4 out of 4 stars
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Forever Twelve is a young adult novel that tells the story of two best friends in transition from the carefree innocence of childhood to the more complicated teen years. The story is told in first person, and alternates between the perspectives of the two main characters: shy, innocent Corey and fashionable, artistic Andi.
The two friends meet each other at the beginning of their seventh grade year, after accepting to work together on the advice column for their school's newspaper. In spite of their obvious differences, they hit it off right away and are soon best friends. Working under the title of The Advice Avengers, Corey and Andi begin helping the student body one letter at a time, and soon make a name for themselves in the halls of Emerson Middle School. But although the girls are good at helping others work through their problems, they have a more difficult time sorting out their own, and many surprises await the two friends as they navigate the uncharted waters of adolescence.
To begin, I have to say that the writing in this book is superb. It is clear, descriptive, and free of grammatical errors. Forever Twelve is one of the more carefully edited novels that I have reviewed to date, and has the same quality I would expect from a bookstore purchase. The language and first-person perspectives are somewhat reminiscent of a personal childhood favorite, The Babysitter's Club.
The main characters are wonderfully engaging and realistic. Both Corey and Andi are three-dimensional and relatable to the book's target audience (middle grade girls). The use of an alternating first-person perspective maximizes the appeal of the novel, as shy readers will relate well to Corey, while more outgoing readers will gravitate toward Andi.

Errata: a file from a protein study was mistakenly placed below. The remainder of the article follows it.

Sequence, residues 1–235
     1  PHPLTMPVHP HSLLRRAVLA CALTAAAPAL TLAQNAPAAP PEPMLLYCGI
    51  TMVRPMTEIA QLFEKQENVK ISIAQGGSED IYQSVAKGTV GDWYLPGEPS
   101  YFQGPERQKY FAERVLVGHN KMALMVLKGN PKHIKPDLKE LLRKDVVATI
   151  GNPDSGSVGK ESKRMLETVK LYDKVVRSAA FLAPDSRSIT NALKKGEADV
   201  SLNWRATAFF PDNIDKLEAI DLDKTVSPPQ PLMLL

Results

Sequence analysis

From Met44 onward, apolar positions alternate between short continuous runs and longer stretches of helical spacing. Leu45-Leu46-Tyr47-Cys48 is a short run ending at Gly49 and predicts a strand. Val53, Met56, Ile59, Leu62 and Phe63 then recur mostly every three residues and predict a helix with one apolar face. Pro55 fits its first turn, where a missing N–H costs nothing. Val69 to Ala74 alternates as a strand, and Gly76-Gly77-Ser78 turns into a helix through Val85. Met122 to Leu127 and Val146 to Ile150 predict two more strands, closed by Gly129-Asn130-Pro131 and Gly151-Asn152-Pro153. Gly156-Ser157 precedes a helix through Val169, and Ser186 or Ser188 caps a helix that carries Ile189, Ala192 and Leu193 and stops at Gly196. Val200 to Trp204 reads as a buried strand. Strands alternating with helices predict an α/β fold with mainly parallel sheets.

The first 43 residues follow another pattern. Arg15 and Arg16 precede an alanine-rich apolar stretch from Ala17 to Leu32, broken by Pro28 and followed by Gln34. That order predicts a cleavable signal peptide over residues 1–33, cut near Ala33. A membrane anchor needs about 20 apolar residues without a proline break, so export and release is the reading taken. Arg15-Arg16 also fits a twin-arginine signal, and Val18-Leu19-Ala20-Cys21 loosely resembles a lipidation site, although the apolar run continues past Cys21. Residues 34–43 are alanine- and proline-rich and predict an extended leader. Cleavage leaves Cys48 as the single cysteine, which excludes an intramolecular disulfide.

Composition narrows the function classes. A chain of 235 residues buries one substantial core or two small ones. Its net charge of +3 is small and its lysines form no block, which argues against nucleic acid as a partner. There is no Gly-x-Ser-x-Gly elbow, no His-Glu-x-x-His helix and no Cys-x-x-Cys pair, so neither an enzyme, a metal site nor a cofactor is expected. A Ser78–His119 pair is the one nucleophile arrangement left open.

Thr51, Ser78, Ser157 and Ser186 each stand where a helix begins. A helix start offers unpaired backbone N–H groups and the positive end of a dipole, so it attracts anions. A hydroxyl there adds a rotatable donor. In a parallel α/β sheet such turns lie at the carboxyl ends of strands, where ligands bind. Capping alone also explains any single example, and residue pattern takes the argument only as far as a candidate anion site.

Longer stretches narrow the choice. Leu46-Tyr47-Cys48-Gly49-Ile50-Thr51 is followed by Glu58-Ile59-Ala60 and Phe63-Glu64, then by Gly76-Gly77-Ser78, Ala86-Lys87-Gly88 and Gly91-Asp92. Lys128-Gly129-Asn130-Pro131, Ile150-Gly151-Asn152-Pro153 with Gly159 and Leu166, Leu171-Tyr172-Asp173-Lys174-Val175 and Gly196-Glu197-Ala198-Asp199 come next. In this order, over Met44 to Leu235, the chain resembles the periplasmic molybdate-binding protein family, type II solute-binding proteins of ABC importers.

What I enjoyed most about this novel is that it maintains an overall positive outlook on life without being unrealistically optimistic. The language is clean, and the main characters do not engage in any inappropriate or questionable behavior. However, both Corey and Andi are faced with a number of complicated issues, such as teen pregnancy, depression, substance abuse, and the loss of a loved one. I respect that the author chose to address these issues, as many preteens and teens will encounter them at some point. However, instead of making Corey and Andi victims of these complicated situations, the author uses them to empower the girls. The two friends stay focused on finding solutions to their problems while encouraging their friends and classmates to do likewise. Although young, Corey and Andi are strong, competent role models for preteen girls.
Lastly, I really appreciated the inclusion of positive authority figures for the girls to turn to in times of trouble. Corey's mother, Andi's father, and the girls' English teacher are caring, competent adults that have the girls' best interests at heart. I feel that trustworthy, competent adults are vastly underrepresented in young adult literature, and it was refreshing to see that the main characters were not left to their own devices to solve every problem that arose in the book.
I thoroughly enjoyed this book and give it 4 out of 4 stars. Forever Twelve is an excellent choice for girls aged 11-14 who are (or soon will be) in middle school.
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